imbuta Meigen, 1838. Syst. Beschr. 7: 400
Phytobia deschampsiae Spencer, 1957b. Entomologist's
Gaz. 8: 94. [Synonymised by Spencer and Martinez,
Cerodontha (Poemyza) deschampsiae (Spencer, 1957b); Spencer, 1972b. Handbk
ident. Br. Ins. 10(5g): 104
Cerodontha (Poemyza) imbuta (Meigen, 1838); Spencer, 1990.
Host specialization in the world Agromyzidae (Diptera)
: 354, 367, 368 (fig. 1378).
unknown (Bladmineerders van Europa). Pupation internal (Spencer, 1972b: 104, as deschampsiae).
Larva: The larvae of flies are leg-less maggots without a head capsule (see examples). They never have thoracic or abdominal legs. They do not have chewing mouthparts, although they do have a characteristic cephalo-pharyngeal skeleton (see examples), usually visible internally through the body wall.
The larva is described by Nowakowski (1973,
Puparium: The puparia of flies are formed within the hardened last larval skin or puparium and as a result sheaths enclosing head appendages, wings and legs are not visible externally (see examples).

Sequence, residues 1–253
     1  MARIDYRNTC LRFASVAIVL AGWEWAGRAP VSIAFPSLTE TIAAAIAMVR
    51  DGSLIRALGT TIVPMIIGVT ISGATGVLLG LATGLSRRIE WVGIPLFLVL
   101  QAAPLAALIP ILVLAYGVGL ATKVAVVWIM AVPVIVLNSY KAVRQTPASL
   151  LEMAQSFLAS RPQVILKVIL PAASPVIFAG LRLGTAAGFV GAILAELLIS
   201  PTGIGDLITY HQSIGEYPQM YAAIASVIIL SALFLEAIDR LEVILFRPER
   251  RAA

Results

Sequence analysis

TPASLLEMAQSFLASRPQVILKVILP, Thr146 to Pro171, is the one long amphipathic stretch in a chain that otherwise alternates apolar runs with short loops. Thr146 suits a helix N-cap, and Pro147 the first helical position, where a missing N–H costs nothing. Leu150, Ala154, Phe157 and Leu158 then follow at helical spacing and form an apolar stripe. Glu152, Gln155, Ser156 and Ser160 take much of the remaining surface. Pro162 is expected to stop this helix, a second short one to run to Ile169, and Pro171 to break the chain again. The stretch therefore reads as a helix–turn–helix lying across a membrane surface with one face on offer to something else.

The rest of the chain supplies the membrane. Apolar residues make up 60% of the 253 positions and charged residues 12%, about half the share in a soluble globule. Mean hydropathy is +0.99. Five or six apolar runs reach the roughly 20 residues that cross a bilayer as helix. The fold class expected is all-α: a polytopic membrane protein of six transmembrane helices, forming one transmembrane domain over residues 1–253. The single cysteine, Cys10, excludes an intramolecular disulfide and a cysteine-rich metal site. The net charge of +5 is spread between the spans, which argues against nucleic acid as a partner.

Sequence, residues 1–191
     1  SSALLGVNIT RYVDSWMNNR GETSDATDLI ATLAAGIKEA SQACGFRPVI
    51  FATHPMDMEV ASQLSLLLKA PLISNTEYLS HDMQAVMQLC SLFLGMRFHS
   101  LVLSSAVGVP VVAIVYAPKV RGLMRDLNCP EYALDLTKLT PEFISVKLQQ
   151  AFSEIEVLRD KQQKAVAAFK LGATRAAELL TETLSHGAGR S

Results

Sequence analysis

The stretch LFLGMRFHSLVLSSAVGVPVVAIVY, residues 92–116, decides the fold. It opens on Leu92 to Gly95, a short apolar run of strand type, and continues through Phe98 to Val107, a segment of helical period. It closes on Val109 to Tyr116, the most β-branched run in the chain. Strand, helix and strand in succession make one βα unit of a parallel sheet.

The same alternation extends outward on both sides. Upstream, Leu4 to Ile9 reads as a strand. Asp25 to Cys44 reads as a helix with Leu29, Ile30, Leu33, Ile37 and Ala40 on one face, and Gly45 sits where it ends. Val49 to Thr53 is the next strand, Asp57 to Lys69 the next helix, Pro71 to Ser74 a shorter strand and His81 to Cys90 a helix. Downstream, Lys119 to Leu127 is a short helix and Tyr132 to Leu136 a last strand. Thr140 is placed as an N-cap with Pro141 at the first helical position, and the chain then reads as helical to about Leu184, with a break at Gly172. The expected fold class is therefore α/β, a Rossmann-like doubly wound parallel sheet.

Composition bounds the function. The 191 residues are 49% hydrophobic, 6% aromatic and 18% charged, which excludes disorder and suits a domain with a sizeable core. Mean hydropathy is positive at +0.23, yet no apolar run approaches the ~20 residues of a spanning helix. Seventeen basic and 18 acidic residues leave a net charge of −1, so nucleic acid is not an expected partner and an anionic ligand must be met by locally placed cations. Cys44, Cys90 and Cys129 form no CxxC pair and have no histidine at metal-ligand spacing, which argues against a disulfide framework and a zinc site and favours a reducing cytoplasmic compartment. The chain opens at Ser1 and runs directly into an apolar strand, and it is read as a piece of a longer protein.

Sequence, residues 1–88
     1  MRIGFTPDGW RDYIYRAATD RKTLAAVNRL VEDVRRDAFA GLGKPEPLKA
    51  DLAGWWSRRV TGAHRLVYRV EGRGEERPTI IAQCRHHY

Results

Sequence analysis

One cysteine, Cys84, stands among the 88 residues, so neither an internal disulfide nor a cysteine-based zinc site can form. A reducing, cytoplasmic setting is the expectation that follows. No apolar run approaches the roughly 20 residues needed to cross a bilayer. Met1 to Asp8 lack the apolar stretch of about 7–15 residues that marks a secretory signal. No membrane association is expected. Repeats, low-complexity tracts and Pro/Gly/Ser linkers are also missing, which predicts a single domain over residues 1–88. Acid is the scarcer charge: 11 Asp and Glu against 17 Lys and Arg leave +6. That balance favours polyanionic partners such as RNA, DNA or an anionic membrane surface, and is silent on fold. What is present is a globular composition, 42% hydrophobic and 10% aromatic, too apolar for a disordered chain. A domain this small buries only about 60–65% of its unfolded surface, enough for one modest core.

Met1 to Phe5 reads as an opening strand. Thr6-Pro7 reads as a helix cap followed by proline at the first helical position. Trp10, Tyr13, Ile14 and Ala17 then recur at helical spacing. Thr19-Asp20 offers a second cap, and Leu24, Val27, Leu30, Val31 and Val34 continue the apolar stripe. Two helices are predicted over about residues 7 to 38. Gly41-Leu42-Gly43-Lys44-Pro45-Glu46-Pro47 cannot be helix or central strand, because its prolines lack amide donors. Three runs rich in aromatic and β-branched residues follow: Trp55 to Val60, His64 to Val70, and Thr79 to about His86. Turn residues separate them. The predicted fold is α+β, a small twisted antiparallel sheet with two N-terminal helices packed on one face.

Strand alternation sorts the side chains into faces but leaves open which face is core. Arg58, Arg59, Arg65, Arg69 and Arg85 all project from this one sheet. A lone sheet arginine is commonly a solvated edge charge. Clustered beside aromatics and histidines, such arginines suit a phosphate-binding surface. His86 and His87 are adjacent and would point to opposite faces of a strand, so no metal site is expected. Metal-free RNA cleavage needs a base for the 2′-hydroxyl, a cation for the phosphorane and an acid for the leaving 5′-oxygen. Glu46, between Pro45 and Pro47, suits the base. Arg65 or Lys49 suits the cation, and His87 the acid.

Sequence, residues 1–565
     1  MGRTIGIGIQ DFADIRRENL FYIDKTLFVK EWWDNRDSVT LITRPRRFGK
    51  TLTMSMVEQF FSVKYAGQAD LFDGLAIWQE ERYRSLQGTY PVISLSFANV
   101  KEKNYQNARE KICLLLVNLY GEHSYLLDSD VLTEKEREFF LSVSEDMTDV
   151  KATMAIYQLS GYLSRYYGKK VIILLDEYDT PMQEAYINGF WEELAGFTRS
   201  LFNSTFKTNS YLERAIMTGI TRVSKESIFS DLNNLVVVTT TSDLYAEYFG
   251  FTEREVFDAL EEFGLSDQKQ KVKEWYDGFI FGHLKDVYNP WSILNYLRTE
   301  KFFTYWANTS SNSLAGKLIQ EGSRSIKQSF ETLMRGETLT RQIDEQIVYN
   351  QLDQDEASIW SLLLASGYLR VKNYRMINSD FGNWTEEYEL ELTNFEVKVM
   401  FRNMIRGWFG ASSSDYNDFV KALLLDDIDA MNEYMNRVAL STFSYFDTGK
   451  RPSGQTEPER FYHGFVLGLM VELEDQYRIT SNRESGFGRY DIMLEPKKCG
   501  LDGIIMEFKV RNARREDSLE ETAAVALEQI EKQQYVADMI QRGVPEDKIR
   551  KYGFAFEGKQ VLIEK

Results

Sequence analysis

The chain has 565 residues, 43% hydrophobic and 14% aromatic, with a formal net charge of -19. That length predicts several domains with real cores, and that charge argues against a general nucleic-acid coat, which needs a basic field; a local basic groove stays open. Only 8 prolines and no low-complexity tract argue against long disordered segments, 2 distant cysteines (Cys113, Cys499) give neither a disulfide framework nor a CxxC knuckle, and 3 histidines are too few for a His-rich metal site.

The puparium is described by Nowakowski (1973,
as deschampsiae). Brown, with distinctive posterior spiracles
(Spencer, 1972b: 103 (fig.
352), 104, as deschampsiae).
Puparium slender, light brown; rear spiracula strikingly elongated, on a broad base; also the (3?) bulbs elongated; anus on a characteristic tumescence (Bladmineerders van Europa).
Hosts in Great Britain & Ireland:
of year - mines: August.
of year - adults: Currently unknown.
in Great Britain & Ireland: Uncommon. Middlesex (Scratch
Wood) and Cambridgeshire (Chippenham Fen) (Spencer, 1972b: 104, as deschampsiae). (NBN
recorded in the Republic of Ireland (Martinez in Fauna Europaea).
Distribution elsewhere: Widespread in continental Europe including Germany (von
Tschirnhaus, 1999), Czech Republic, Denmark, Estonia, Finland,
French mainland, Lithuania, Poland, Slovakia, Spanish mainland and
Switzerland (Martinez in Fauna Europaea).
NBN Atlas links to known host species:
British and Irish Parasitoids in Britain and elsewhere: